NOTE: Reserved register bits are shown with gray shading. Reserved bits must be written to a logic zero to ensure compatibility with future Intel products. A starting address other than an integer multiple of the block size defined in this register causes unreliable chip-select operation.
  • Page 167: Programming The Active Ranges

    CHIP-SELECT UNIT The UMCS and LMCS registers can be programmed in any sequence. To program the MCS and PCS chip-selects, follow this sequence: Program the MPCS register Program the MMCS register to enable the MCS chip-selects. Program the PACS register to enable the PCS chip-selects. 6.4.2 Programming the Active Ranges The active ranges of the chip-selects are determined by a combination of their starting or ending...
  • Page 168: Lcs Active Range

    6.4.2.2 LCS Active Range The LCS starting address is fixed at zero in memory address space; its ending address is the pro- grammed block size minus one. Table 6.3 defines the acceptable values for the field (U17:10) in the LMCS register that determines the LCS block size and ending address. Table 6.3 LCS Active Range LMCS Field U17:10...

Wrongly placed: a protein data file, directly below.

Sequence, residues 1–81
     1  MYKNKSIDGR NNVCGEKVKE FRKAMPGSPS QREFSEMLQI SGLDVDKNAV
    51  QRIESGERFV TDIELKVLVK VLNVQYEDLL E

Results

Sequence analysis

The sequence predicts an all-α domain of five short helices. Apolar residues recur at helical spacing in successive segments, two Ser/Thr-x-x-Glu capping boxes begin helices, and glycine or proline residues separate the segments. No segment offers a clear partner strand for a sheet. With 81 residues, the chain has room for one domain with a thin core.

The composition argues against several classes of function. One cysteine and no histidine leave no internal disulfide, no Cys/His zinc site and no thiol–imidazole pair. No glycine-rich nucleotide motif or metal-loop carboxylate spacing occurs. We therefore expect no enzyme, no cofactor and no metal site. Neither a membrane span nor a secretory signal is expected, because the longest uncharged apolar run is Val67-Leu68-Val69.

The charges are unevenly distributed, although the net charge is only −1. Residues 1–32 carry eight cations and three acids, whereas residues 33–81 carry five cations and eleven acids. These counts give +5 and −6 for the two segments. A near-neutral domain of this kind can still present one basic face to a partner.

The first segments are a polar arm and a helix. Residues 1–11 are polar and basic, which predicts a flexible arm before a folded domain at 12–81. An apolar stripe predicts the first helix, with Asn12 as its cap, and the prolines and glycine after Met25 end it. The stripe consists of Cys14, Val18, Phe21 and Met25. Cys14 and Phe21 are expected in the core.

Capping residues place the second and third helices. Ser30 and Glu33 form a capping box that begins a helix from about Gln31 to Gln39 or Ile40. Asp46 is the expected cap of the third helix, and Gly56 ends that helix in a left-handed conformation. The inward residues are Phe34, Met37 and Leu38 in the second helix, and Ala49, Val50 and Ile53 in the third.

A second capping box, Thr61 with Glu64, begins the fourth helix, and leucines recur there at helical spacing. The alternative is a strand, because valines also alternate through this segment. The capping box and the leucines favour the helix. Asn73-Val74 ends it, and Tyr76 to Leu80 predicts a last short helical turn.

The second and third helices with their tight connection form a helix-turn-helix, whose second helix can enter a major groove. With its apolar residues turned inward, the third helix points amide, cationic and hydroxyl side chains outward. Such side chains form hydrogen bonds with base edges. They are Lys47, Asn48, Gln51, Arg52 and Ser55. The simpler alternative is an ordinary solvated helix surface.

• Page 169: Mcs3:0 Active Ranges

    CHIP-SELECT UNIT Table 6-5. MCS Block Size and Start Address Restrictions MPCS Block Size Bits X= don’t care, but should be 0 for future compatibility. Starting Address Block Size is defined by M6:0 Base + 3/4 Block Size Base + 1/2 Block Size Base + 1/4 Block Size MCS Base (Defined by U19:13)
  • Page 170: Pcs Active Range

    6.4.2.4 PCS Active Range Each PCS chip-select starts at an offset above the base address programmed in the PACS register and is active for 128 bytes. The base address can start on any 1 Kbyte memory or I/O address location. Table 6-6 lists the active range for each PCS chip-select. Chip- Select PCS0...
  • Page 171: Overlapping Chip-Selects

    CHIP-SELECT UNIT BUS READY R2 Control Bit Wait State Value (R1:0) Figure 6-11. Wait State and Ready Control Functions The R2 control bit determines whether the bus cycle completes normally (requires bus ready) or unconditionally (ignores bus ready). The R1:0 bits define the number of wait states to insert into the bus cycle.
  • Page 172: Memory Or I/O Bus Cycle Decoding

    When programming the PCS chip-selects active for I/O bus cycles, remember that eight bytes of I/O are reserved by Intel. These eight bytes (locations 00F8H through 00FFH) control the inter- face to an 80C187 math coprocessor. A chip-select can overlap this reserved space provided there is no intention of using the 80C187.